Accompanying drawing(s) show exemplary embodiment(s) in accordance with one or more aspects of the invention; however, the accompanying drawing(s) should not be taken to limit the invention to the embodiment(s) shown, but are for explanation and understanding only.

FIG. 1 is a block diagram depicting an exemplary embodiment of a programmable test controller system.

FIG. 2 is a table diagram depicting an exemplary embodiment of operation (“op”) codes for a loop instruction.

FIG. 3 is a pseudocode listing depicting an exemplary embodiment of an architecture for loop and access instructions, namely PBIST instructions.

FIG. 4 is a table diagram depicting an exemplary embodiment of op codes for an access instruction contained in the PBIST instructions of FIG. 3.

FIG. 5 is a pseudocode listing depicting an exemplary embodiment of an instruction memory map for the PBIST instructions and associated system configuration bits of FIGS. 1 and 3.

FIG. 6 is a pseudocode listing depicting an exemplary embodiment of bit values formats in an instruction memory array.

FIG. 7 is a table diagram depicting an exemplary embodiment of a scan signal table that may be used to access different memory arrays in a PBIST engine.

FIG. 8 is a block diagram depicting an exemplary embodiment of an integrated circuit architecture in which the system of FIG. 1 may be implemented.

FIG. 9 is a flow diagram depicting an exemplary embodiment of a burn-in or high-temperature operating life (“HTOL”) testing flow describing the system of FIG. 1 under operation while doing burn-in or high-temperature operating life testing.

DETAILED DESCRIPTION

In the following description, numerous specific details are set forth to provide a more thorough description of the specific embodiments of the invention. It should be apparent, however, to one skilled in the art, that the invention may be practiced without all the specific details given below. In other instances, well-known features have not been described in detail so as not to obscure the invention. For ease of illustration, the same number labels are used in different diagrams to refer to the same items; however, in alternative embodiments the items may be different. Moreover, for purposes of clarity, a single signal or multiple signals may be referred to or illustratively shown as a signal to avoid encumbering the description with multiple signal lines. Moreover, along those same lines, a multiplexer or a register, among other circuit elements, may be referred to or illustratively shown as a single multiplexer or a single register though such reference or illustration may be representing multiples thereof. Furthermore, though particular signal bit widths, data rates, and frequencies are described herein for purposes of clarity by way of example, it should be understood that the scope of the description is not limited to these particular numerical examples as other values may be used. Additionally, even though random access memory (“RAM”) is described herein as a type of memory that may be used, it should be understood that other types of storage circuits may be used such as flip-flop arrays, among others. Moreover, even though RAM is described herein, such RAM is not limited to a type of DRAM or SRAM, but may include other forms of RAM, such as flash memory, among others.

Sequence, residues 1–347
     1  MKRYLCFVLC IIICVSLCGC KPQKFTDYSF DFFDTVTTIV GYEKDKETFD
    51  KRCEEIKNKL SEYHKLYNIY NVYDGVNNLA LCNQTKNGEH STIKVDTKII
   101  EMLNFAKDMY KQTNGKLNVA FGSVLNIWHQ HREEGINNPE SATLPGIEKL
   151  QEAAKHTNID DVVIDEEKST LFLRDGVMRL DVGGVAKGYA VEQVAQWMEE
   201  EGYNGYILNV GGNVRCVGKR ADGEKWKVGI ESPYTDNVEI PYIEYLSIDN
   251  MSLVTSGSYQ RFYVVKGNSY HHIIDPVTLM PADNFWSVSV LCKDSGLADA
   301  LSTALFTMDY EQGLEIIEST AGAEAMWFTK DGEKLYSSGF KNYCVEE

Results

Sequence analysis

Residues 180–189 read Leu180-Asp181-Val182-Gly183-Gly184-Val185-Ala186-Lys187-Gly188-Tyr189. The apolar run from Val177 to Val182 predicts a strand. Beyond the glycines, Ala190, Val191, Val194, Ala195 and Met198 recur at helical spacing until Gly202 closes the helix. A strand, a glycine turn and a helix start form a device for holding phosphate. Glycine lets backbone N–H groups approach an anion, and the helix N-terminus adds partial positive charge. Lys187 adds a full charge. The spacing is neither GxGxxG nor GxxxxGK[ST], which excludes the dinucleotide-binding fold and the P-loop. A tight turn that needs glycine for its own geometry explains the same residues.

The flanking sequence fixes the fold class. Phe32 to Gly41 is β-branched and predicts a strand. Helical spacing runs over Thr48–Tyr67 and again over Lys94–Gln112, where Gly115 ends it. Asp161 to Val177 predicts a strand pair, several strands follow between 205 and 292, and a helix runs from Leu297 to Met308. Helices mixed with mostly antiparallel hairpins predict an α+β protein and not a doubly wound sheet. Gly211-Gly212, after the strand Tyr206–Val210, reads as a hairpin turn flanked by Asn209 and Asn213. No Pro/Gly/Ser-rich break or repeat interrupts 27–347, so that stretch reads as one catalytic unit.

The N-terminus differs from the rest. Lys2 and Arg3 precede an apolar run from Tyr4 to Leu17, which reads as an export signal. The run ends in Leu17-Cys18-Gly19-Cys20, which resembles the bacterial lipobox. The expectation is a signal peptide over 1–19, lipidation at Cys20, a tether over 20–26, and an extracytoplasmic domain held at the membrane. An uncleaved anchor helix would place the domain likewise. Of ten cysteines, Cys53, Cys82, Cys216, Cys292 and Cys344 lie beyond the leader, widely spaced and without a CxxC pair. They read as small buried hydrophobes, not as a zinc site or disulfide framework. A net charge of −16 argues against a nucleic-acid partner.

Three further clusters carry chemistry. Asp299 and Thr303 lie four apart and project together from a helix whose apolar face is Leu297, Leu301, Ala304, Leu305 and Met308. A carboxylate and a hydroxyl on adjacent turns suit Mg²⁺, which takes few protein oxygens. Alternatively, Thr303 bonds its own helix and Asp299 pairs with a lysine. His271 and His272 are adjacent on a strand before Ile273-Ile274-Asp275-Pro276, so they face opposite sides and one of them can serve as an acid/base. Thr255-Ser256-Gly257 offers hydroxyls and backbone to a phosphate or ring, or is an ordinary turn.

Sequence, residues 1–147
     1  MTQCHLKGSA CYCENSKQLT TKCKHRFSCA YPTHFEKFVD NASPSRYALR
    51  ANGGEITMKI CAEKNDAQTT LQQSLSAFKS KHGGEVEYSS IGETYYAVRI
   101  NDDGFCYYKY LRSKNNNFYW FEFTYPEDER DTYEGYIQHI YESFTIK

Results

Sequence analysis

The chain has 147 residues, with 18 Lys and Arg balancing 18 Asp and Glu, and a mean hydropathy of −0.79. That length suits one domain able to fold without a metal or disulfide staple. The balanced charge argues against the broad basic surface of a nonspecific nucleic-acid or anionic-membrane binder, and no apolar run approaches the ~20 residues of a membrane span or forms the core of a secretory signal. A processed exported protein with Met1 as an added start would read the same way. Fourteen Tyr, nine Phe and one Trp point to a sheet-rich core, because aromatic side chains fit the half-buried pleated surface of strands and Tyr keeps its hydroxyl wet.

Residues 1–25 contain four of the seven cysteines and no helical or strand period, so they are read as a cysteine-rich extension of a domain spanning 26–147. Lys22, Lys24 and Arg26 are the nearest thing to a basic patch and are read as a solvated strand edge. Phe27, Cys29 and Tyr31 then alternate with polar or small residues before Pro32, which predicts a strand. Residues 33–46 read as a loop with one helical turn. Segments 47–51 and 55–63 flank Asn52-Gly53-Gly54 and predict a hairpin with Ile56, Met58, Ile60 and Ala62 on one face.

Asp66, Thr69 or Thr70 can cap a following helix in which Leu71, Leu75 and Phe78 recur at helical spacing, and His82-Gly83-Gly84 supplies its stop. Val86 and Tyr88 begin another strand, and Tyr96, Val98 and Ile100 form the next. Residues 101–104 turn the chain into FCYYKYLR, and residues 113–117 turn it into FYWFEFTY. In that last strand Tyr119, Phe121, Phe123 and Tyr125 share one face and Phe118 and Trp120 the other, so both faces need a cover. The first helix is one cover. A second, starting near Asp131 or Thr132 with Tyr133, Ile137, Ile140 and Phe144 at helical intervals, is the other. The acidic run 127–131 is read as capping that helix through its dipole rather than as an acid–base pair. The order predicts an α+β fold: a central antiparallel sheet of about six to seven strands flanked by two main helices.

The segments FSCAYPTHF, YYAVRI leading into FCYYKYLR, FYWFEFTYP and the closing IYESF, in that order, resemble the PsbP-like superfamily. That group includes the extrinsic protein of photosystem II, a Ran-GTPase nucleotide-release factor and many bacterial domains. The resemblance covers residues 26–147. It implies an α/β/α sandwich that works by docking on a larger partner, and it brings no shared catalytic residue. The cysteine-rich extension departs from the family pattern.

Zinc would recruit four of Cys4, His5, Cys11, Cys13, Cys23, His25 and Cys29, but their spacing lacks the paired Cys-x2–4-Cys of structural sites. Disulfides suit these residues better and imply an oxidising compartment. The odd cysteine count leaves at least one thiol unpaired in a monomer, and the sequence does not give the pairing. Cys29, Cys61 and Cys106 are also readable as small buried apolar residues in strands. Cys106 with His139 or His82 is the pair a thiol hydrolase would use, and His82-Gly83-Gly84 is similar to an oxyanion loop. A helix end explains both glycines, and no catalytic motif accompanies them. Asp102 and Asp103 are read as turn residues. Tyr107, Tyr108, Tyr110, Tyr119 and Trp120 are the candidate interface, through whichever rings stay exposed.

FIG. 1 is a block diagram depicting an exemplary embodiment of a programmable test controller system 100. Programmable test controller system 100 is generally for performing programmable built-in self-testing (“PBIST”) as described herein. System 100 may be built into an integrated circuit device (“on-chip”). System 100 may thus be understood as an on-chip pattern generator for testing a tile, such as tile 101. Thus, while in use for testing, tile 101 forms part of system 100; however, when not in use for testing, tile 101 does not form part of system 100. However, for purposes of clarity by way of example and not limitation, it shall be assumed that tile 101 is part of system 100.

System 100 includes a tile under test, namely tile 101, which in this exemplary embodiment may be an array of memory cells. More particularly, tile 101 may be a sub-array of thinly-capacitively-coupled thyristor (“TCCT”) memory cells. TCCT memory cells are known, such as described for example in U.S. Pat. No. 6,778,435, among other patents, and thus are not described in unnecessary detail herein.

An array of TCCT memory cells may be composed of multiple sub-arrays or tiles. Thus, each tile 101 of an array of memory cells may be tested one at a time using PBIST of system 100. For purposes of clarity, array and sub-array are hereinafter used interchangeably.

For tiles in a device, a data path 102 is configured to read array data from a tile 101 and is configured to compare such TCCT array data with expected data associated with such array data read to produce outcome data responsive to each such comparison. Outcome data may be sorted into two types, namely a result for a comparison to an expected logic 0, and a result for a comparison to an expected logic 1. Mismatches between expected logic 0s and associated TCCT array data logic 1s are termed data 0 (“D0”) outcome failures, and mismatches between expected logic 1s and associated TCCT array data logic 0s are termed data 1 (“D1”) failures. Additionally, external data output pins 115 may be coupled to data path 102 for output of comparison results.

D0 failures are stored in D0 failure memory 103, and D1 failures are stored in D1 failure memory 104. Result memory 105 stores expected data which is compared with data read from each TCCT array tested. Any form of memory suitable for the purposes described herein may be used for result memory 105, including TCCT memory, any form of RAM, flip-flop memory, and other known types of memory.